"Zuma's address tonight is expected to revolve around radical economic transformation, education and the national minimum wage just to mention a few."


Meanwhile, and given the white shirts from a couple of years back:







The ANC has indicated that "radical economic transformation" will be the main focus of the State of the Nation Address. We took to the streets of Johannesburg to ask South Africans: what does it mean?


Zuma Is Deploying Troops To Parliament During Sona, And We Should Be Worried

Pieter du Toit, HuffPost SA's Deputy Editor, writes: "South Africa, be afraid: this year's opening of Parliament might be the most militarised parliamentary event yet. Not even at the height of apartheid and the rule of P.W. Botha's securocrats, with the army engaged in Angola and ANC insurgents operating in townships, was parliament itself enveloped in such a heightened sense of security. The media will, for the first time in recent memory, be managed, chaperoned and boxed in, which will prevent it from reporting freely and accurately about what is sure to be an eventful evening."

Read the rest here.



Mpumelelo Mkhabela, from the University of Pretoria and a veteran political journalist writes on News24:

"Zuma's decision to deploy 441 soldiers in Parliament "to maintain law and order" came as a shock. Opposition parties are alarmed by this when no drastic decision was taken against him when he failed to fulfil his obligation to maintain the Constitution in the Nkandla matter. Only Zuma and his security advisors see a security threat that could undermine law and order during a joint sitting of a democratically elected Parliament.

"Calling in the SANDF is a graphic illustration of the real state of the nation according to Zuma. It is a state of the nation which, as he sees it, needs military, command-style leadership to fix; not the democratic-type order which by its very nature is noisy. The latter irritates Zuma. He feels abused."

Read the rest of his column here.




The DA's Parliamentary Caucus are seemingly having their own social before Zuma's speech.



From News24's James de Villiers:

"Protesters, some armed with sjamboks, are making their way through the city centre ahead of President Jacob Zuma's State of the Nation Address (SONA).

Some appear to be headed to the Grand Parade where the ANC is holding an event tying in with the SONA.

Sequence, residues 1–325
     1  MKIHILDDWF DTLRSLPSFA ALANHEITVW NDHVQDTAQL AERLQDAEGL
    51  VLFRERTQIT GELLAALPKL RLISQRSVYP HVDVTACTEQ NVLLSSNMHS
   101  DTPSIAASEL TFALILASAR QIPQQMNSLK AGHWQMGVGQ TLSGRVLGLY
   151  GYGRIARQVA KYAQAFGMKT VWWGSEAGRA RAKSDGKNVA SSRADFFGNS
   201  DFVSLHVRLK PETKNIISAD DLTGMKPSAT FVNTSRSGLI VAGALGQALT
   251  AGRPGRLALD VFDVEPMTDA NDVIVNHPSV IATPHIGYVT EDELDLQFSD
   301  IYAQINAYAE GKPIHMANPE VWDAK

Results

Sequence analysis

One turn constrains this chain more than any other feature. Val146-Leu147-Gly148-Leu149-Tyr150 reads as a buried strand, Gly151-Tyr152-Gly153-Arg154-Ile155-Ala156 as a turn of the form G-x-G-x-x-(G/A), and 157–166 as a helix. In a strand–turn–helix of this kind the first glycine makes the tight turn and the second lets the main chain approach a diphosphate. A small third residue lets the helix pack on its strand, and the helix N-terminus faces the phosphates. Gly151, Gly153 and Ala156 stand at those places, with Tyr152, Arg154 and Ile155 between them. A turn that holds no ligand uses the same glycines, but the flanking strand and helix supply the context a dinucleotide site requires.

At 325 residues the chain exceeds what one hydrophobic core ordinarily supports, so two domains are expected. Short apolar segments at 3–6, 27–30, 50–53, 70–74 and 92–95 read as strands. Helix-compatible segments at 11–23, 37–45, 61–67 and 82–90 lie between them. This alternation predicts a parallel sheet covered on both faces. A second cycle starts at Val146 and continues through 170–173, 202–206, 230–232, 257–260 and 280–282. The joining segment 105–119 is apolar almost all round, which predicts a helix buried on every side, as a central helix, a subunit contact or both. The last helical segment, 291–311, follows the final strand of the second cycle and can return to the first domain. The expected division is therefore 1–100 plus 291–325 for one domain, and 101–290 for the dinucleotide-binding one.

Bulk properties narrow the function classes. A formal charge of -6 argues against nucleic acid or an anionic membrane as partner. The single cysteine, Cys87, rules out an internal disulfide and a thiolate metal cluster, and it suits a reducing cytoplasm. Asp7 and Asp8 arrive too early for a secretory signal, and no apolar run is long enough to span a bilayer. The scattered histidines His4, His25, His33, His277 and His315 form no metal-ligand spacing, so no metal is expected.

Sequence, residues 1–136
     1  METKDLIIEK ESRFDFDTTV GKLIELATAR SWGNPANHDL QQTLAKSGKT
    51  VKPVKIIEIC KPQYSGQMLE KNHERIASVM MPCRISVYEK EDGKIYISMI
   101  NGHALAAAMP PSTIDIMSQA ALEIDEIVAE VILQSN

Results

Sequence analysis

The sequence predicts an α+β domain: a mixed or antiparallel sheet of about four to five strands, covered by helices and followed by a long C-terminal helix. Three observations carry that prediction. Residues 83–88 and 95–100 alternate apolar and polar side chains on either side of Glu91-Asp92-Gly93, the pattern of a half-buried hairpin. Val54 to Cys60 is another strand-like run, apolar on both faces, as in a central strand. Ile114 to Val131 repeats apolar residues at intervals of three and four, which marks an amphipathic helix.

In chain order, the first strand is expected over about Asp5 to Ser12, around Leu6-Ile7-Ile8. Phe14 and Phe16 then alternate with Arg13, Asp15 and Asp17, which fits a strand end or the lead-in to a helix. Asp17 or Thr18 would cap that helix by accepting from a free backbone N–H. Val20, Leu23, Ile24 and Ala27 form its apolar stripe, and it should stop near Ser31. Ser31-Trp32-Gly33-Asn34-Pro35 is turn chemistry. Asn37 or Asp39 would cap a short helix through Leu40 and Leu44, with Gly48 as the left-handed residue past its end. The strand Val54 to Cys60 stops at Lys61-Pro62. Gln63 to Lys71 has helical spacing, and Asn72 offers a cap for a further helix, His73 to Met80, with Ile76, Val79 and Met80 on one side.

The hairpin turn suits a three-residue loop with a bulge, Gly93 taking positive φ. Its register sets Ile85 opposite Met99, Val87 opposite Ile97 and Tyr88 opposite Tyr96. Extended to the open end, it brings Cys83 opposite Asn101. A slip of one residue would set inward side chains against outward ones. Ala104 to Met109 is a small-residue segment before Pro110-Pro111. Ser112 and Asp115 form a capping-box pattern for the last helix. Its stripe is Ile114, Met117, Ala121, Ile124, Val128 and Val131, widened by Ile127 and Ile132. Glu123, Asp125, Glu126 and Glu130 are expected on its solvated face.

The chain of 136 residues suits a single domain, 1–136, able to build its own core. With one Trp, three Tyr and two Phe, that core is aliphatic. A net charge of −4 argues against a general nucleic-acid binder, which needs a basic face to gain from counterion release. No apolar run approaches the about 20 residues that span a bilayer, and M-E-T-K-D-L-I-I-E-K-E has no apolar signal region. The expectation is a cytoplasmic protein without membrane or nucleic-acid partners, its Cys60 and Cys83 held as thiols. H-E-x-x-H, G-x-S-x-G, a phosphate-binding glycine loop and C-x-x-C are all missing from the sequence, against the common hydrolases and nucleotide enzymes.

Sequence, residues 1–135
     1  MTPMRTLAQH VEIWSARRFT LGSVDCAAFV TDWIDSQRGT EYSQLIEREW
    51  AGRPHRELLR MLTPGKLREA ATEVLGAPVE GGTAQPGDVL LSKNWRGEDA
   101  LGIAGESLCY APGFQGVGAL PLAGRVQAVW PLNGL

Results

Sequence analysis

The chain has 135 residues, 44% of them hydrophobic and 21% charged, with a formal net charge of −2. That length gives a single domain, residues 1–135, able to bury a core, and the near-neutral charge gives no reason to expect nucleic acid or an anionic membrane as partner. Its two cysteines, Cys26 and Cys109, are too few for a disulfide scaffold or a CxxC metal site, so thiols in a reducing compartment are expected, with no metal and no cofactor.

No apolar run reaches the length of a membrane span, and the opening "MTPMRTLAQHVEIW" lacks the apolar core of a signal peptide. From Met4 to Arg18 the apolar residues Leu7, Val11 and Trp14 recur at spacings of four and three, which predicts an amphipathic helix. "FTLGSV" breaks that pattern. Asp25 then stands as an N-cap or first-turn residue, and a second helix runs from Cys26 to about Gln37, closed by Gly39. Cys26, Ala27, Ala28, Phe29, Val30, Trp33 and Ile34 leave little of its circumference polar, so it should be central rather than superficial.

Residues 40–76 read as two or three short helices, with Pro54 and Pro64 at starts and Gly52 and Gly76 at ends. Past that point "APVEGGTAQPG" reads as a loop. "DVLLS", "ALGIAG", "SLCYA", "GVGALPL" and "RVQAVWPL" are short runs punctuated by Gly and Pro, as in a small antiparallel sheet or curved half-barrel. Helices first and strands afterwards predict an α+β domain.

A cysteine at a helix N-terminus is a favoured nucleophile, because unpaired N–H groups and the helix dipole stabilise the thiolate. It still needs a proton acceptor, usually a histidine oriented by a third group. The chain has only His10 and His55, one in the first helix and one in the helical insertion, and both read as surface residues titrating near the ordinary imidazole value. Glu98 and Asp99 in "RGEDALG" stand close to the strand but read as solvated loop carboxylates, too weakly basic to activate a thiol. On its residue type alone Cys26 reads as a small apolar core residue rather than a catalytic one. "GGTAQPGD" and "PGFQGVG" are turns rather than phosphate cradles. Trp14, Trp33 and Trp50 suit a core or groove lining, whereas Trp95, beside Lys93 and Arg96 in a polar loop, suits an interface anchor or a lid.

Others, with posters and signs, headed to the train station in Cape Town, bringing operations there to a halt.

Police officers at the scene appeared worried.

Earlier protesters, wearing ANC branded clothing, gathered in Adderley Street.

While EFF supporters gathered in nearby Church Street."

Concerned looking police officers at protestors in Train Station.









Dignitaries have started arriving at Poorthuis, the entrance to Parliament.


Jackson Mthembu Tells Us Just What Radical Economic Transformation Looks Like To The ANC

As the African National Congress (ANC) and government call for radical economic transformation, land remains a key element in attaining that goal. ANC chief whip of Parliament Jackson Mthembu said the land was needed to build the necessary industries that will drive that transformation. He further admitted that the current land restitution process has failed and that it is now time for change.

Read more here.





The EFF's populism seems to have swayed President Jacob Zuma

Jacob Zuma's ANC has never quite been able to reach consensus about the economy and policies needed to drive growth.

Shortly after Zuma's hodgepodge coalition evicted the so-called 1996 Class Project, with its macro-economics and tight rein on government spend, cartoonist Zapiro published a cartoon with Zuma standing over a truck (South Africa Inc) with two driver's seats looking in opposite directions, Pravin Gordhan (minister of finance) and Ebrahim Patel (minister of economic development) each behind a wheel.

"Hit it!" the president told his two economic ministers, from opposite ends of the scale of economic theory. Never the twain shall meet. And it never did.

Zuma's state of the nation address on Thursday will be heavy on rhetoric about radical economic transformation –- #RET as its doing the rounds on social media –- but light on detail.

Read more here.



HuffPost SA's editor-at-large Ferial Haffajee writes:

"The more the State of the Nation Address becomes a battle-site for President Jacob Zuma, the more halting and staccato his planning and delivery of it becomes.

"It is now like a Cabinet management checklist, where ministers throw their best work at the presidency, and the speechwriters stay up for nights and days, trying to pull together what inevitably ends up as a dog of a speech.

"It is difficult to read and to follow, with no core message or appeal to the heart or to give a sense of what impels the president. Watching him for each of his eight addresses, one gets the sense he enjoys it less and less these days as delays and disruptions become the order of the day."

Read Ferial's analysis of Zuma's previous SONA's here.